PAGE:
In fact, food poisoning and the resulting diarrhea or gastroenteritis is now considered to be one of the major reasons for developing SIBO (small intestinal bacterial overgrowth), according to research done by Dr. Mark Pimentel and others at Mt. Cedar Sinai Hospital in LA.
At the third SIBO symposium in Portland, Oregon last month, the research presented indicated that E. Coli, Salmonella, Campylobacter Jejuni and Shigella all produce a toxin known as cytolethal distending toxin B (a neuro toxin). Sounds pretty threatening, and it is, if you are one of the 10 percent of people who don’t necessarily recover from the food poisoning.
The more antibodies you produce against the cytolethal distending toxin B, the more likely you are to have SIBO. That’s because when the human body produces antibodies to eliminate this toxin it also mistakenly (by molecular mimicry/autoimmunity) reduces the numbers of a good protein in our intestine, called vinculin.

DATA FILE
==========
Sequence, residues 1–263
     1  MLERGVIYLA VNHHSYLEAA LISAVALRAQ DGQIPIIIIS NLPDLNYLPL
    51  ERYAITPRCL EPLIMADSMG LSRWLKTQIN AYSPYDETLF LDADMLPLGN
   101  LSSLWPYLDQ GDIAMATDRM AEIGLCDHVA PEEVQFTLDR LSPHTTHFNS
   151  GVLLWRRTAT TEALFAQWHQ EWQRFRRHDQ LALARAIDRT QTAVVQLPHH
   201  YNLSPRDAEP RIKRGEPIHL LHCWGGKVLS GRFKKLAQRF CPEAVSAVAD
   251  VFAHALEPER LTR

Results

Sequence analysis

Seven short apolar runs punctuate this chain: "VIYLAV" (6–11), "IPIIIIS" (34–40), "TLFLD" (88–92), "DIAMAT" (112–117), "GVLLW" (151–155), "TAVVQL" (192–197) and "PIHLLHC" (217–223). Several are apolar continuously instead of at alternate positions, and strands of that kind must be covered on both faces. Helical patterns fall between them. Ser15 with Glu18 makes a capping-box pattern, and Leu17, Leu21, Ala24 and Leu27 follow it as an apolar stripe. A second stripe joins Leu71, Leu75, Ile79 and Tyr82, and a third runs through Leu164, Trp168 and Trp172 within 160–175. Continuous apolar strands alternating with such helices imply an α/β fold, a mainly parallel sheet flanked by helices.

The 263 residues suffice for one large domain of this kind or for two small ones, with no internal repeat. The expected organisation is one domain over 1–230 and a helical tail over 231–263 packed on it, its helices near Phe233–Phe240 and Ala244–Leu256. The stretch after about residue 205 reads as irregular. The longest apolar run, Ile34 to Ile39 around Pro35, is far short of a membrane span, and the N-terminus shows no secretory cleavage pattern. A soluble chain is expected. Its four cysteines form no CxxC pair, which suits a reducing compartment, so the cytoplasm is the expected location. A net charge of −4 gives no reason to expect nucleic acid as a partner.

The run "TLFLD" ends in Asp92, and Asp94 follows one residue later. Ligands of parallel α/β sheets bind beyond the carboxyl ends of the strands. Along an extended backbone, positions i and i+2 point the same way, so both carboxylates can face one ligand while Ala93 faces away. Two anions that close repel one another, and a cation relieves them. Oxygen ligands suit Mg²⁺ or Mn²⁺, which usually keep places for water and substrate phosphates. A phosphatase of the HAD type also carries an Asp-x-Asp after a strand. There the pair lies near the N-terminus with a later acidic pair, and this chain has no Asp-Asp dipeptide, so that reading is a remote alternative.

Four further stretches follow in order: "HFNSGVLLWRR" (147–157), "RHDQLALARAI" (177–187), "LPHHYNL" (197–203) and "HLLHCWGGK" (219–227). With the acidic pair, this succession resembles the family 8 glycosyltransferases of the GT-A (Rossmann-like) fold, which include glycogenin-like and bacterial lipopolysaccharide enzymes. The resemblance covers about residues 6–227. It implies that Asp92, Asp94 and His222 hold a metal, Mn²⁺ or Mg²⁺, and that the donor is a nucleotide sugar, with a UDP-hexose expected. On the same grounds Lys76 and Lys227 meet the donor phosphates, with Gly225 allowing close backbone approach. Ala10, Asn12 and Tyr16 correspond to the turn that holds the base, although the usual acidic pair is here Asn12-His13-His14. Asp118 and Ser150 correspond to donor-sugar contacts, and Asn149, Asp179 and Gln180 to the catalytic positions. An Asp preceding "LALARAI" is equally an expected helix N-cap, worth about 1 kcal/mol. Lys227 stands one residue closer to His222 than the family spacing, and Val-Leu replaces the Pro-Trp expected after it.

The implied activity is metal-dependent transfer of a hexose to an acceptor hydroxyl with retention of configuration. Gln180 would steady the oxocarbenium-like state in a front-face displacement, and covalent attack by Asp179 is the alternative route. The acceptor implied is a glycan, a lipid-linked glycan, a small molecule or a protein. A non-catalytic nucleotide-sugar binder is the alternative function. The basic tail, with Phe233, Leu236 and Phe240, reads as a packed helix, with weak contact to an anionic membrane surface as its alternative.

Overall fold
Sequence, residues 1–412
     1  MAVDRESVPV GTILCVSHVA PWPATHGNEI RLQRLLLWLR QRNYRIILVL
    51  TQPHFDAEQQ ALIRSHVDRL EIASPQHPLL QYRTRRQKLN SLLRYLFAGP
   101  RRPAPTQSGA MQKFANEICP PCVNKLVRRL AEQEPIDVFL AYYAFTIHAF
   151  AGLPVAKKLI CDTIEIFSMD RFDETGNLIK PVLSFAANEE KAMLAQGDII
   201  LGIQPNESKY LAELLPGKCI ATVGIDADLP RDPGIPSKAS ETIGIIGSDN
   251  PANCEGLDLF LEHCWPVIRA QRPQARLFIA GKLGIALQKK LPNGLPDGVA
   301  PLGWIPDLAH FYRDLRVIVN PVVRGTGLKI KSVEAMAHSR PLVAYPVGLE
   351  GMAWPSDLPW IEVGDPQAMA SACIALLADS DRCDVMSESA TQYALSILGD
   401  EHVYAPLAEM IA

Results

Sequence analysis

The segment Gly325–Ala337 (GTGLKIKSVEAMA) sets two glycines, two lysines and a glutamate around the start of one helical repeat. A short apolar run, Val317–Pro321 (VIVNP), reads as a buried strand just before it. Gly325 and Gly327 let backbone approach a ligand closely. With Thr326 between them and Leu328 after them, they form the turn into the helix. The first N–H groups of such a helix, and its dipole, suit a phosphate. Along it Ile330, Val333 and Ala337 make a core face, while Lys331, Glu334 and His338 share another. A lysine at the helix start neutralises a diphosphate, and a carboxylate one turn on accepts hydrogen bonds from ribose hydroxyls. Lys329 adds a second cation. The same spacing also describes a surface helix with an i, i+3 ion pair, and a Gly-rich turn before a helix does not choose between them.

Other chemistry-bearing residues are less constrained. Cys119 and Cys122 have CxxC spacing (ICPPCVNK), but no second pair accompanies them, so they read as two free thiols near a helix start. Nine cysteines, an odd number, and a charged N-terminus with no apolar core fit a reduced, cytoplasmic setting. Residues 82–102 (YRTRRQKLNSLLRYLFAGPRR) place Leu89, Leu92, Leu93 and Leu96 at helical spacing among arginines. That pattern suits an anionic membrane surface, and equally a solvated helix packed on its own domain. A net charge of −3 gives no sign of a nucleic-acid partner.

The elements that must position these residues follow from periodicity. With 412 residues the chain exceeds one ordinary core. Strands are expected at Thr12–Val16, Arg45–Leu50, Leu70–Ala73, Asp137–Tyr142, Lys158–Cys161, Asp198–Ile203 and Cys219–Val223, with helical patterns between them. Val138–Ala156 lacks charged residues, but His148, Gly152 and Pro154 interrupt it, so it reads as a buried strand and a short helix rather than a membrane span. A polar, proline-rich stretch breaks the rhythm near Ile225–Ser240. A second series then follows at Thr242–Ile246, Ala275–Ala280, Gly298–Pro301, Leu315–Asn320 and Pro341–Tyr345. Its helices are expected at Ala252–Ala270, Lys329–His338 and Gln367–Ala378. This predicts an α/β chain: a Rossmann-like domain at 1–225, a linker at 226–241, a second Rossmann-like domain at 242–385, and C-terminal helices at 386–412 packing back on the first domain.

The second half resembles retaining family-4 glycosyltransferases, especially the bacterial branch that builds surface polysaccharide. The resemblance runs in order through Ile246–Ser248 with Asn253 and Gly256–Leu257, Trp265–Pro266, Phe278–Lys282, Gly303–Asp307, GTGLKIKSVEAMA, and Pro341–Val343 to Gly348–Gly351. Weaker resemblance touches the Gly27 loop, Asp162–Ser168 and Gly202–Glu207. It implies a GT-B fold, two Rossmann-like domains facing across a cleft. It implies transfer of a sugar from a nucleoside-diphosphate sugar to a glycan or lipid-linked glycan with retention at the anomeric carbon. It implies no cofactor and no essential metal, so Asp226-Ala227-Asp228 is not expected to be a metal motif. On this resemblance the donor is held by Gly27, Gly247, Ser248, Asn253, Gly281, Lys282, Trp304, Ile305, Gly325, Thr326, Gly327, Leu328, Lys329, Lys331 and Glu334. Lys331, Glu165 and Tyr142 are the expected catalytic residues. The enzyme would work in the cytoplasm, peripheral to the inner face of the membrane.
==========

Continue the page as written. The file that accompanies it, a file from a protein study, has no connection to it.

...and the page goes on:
This isn’t good. Vinculin is important for nerve cells in the gut, which stimulate surrounding muscles to push food down the digestive track. Less vinculin means weaker nerve cells and fewer of these pushes, known as peristaltic waves. Too few or weak peristaltic waves make our guts sluggish. Food stays in the small bowel too long and bacteria have a chance to latch on and grow. Before you know it, symptoms SIBO, like bloating, gas and inflammation, arise.
Thankfully, Dr. Pimentel says these nerve cells can recover! But it’s critically important not to get another bout of food poisoning and eliminate the SIBO that develops along the way. Read more about how to prevent food poisoning, especially when traveling, and what you can do about your SIBO today!